No, not "valley" as in John Ford's 1941 classic movie based on Richard Llewellyn's 1939 best-seller about a close-knit, hard-working Welsh coal-mining family at the turn of the twentieth century. Nor "vampires" as in the somewhat less classic episode from the Masters of Horror TV series that introduced the "V-word" concept. It's not even the euphemism increasingly being used to avoid saying "Vietnam" when analysing current events in Iraq.
No, we are referring to that current IT hero, Mr Virtualisation and, in particular, to his pairing with that latest industry poster-child, Ms Green Computing. Is this a celebrity couple to match the Beckhams now they have left for the sunnier climes of LA?
Here is the basic premise; virtualisation means consolidation and increased utilisation, and hence less servers. Fewer servers mean less power, which in turn means less CO2, thus saving the planet. Simple.
Or is it? I have heard it said: "Yes, you have fewer servers in a virtualised environment, but each one of those servers is more heavily utilised. Because they are doing more work their power consumption goes up. What you gain on the swings you lose on the roundabouts. The net gain is zero."
Who is right? Let's look at it in more detail. Say you virtualised and consolidated four identical servers that are 20 per cent utilised, into one physical server. That server is now 80 per cent utilised. Making the somewhat simplistic assumption that power usage ramps linearly with utilisation means power consumption will also increase from 20 per cent of the maximum possible to 80 per cent. But the processors are not the biggest users of the power drawn by a server - according to IBM only 30 per cent gets used by the processors. The other 70 per cent is used-up by the power-supply, fans, disks, memory, etc.
So the increase from 20 per cent to 80 per cent actually represents 60 per cent of a slice that is only 30 per cent of the overall pie; the total server power draw increases by 18 per cent. In return for this modest increase you have removed three complete servers from the data centre, and overall power consumption has gone down from four "original server units" to 1.18, a pretty hefty 70 per cent saving.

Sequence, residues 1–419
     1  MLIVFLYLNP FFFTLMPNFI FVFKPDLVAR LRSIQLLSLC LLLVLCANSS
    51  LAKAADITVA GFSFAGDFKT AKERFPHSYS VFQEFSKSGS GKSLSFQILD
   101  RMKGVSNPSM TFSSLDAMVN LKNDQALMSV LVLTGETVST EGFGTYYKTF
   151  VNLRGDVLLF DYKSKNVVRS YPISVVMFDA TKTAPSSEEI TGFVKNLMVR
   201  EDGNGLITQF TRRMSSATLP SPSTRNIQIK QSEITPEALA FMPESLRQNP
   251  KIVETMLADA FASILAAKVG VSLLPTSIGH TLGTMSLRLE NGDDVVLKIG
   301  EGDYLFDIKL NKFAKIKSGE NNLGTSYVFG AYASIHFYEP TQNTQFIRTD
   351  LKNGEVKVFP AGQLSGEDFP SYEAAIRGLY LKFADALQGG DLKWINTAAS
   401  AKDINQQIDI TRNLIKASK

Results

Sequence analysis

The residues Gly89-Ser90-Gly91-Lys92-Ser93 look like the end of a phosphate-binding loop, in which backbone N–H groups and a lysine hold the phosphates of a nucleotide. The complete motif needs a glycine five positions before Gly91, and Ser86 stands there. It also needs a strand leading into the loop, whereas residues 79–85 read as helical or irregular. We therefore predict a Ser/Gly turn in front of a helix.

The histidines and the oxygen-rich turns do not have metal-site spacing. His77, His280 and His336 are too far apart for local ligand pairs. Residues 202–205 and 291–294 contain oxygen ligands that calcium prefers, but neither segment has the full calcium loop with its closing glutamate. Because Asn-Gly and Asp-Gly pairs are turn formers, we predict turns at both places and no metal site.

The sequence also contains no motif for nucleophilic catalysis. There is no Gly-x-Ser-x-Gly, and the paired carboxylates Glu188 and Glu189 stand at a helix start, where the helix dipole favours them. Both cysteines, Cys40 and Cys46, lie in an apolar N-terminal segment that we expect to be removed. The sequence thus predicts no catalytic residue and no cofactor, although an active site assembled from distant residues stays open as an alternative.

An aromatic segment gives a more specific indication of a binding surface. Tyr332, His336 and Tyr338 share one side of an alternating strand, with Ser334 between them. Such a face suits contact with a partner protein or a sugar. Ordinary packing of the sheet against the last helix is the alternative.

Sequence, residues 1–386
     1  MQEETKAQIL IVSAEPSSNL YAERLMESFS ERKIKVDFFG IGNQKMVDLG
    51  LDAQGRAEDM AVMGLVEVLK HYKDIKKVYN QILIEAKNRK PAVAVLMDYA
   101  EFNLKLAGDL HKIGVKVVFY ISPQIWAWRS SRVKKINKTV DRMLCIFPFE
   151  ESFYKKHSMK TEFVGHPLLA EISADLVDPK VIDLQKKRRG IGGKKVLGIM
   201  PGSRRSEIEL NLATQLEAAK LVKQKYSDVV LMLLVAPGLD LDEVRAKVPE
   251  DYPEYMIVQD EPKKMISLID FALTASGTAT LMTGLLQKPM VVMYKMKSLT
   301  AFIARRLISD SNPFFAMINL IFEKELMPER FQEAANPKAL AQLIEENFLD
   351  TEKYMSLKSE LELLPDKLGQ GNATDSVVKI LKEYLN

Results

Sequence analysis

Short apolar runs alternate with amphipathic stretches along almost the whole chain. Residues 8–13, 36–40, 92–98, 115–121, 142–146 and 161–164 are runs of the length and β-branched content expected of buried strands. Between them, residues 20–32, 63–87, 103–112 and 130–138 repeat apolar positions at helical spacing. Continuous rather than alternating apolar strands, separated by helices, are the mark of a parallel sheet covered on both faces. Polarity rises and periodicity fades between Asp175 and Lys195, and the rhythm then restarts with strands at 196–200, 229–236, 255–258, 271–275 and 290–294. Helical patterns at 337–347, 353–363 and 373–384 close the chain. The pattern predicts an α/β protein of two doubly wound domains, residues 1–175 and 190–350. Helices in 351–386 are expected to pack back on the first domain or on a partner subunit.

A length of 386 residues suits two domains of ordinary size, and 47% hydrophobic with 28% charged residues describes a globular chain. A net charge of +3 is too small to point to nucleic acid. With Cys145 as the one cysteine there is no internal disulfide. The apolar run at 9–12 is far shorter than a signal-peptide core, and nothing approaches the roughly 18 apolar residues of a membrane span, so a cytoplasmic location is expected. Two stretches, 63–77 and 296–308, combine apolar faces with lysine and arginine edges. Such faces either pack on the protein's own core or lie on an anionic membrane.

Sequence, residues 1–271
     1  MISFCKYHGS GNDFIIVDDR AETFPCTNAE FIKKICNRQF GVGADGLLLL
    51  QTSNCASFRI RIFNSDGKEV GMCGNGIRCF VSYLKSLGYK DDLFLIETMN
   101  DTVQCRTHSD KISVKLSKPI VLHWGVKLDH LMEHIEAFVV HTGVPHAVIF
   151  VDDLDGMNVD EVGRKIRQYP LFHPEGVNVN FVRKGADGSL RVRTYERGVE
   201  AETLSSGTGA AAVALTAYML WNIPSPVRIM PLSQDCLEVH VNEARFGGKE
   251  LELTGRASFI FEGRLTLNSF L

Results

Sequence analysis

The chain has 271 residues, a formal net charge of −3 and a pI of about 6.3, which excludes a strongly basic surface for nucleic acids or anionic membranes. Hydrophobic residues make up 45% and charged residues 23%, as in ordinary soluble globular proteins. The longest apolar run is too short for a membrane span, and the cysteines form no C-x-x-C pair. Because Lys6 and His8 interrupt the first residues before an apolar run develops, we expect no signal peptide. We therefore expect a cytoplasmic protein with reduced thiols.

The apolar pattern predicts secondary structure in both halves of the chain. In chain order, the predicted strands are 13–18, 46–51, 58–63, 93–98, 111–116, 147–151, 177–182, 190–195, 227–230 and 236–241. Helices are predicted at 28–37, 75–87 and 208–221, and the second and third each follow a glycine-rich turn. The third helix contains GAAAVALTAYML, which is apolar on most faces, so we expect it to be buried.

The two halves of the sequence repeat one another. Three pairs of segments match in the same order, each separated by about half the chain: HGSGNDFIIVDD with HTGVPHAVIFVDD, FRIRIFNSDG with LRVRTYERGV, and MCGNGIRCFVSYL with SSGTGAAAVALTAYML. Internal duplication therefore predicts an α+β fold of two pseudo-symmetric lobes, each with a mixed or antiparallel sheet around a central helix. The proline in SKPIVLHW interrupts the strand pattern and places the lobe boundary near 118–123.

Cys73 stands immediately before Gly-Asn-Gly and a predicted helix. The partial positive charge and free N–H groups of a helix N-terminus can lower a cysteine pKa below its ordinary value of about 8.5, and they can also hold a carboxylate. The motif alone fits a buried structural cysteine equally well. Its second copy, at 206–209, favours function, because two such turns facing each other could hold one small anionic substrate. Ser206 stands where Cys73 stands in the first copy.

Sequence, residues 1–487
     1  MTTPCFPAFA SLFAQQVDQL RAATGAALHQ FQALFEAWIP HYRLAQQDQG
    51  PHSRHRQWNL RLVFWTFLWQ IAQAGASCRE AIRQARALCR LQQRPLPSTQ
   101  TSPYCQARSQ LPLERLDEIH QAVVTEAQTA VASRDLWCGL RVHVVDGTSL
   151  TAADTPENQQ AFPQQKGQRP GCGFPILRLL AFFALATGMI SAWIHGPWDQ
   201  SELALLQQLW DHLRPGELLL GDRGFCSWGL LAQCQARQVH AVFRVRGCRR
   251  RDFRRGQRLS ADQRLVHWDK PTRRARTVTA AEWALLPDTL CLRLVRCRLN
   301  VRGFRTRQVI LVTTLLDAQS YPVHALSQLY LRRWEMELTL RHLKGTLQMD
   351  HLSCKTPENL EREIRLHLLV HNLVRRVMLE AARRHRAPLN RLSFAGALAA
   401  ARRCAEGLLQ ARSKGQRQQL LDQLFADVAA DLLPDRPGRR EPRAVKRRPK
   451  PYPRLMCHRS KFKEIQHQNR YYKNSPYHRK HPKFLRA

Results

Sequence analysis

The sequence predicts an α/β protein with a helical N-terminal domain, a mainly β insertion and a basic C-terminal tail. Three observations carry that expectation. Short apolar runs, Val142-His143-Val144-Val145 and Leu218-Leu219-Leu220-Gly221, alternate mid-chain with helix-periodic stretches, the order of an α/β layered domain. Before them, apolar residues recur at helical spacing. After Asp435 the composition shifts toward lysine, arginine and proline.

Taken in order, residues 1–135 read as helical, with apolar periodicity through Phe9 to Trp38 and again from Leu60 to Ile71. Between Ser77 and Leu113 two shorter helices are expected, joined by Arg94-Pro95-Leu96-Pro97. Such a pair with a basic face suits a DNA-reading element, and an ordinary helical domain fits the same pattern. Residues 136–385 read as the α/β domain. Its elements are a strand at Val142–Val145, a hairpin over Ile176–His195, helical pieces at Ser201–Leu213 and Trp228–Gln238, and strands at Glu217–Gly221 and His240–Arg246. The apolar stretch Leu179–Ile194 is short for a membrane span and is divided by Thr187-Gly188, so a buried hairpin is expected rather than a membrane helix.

Of course, this is somewhat simplistic. The fans and the power supplies will have to work a bit harder because of the extra power drawn by the processors, but it still represents a significant saving when compared to what you will get from any new power saving hardware features. Power consumption improvements in the processor, disks, power supply, and cooling areas tend to be incremental. When added together they do become more significant, but are still not anything like the step change you may expect to see from virtualisation.
Virtualisation is not a panacea for all power and cooling problems. For a start not all servers virtualise well, especially those with I/O-intensive workloads like database servers. And with 65 per cent of the power coming into a typical data centre going on stuff other than the IT workload (such as air conditioning), power savings at the server may not be directly reflected in the overall data centre electricity bill. Unless your cooling system is sophisticated enough you may just end-up blowing cold air over the three quarters of floor-space that are now empty.
So what is the lesson? Establishing exactly what power savings you are going to get from an infrastructure virtualisation project is not straightforward (hence the title), but virtualisation will almost certainly be the most important step you take in this area. It seems slightly ironic that a software solution (virtualisation) may play the largest part in solving what is essentially a hardware problem.
You will not only be saving the planet, but also money. With the total power costs over the lifetime of a server currently estimated as being in the region of 50 per cent of the hardware costs, self-interest may play as big a part here as enlightened altruism. And you get to feel good about yourselves at the same time, never mind the PR mileage. It is not often that an economic force (greed) coincides with the common good (or at least looking good). When they do, watch out for an unstoppable bandwagon. Better still, jump aboard.
Copyright © 2007, Quocirca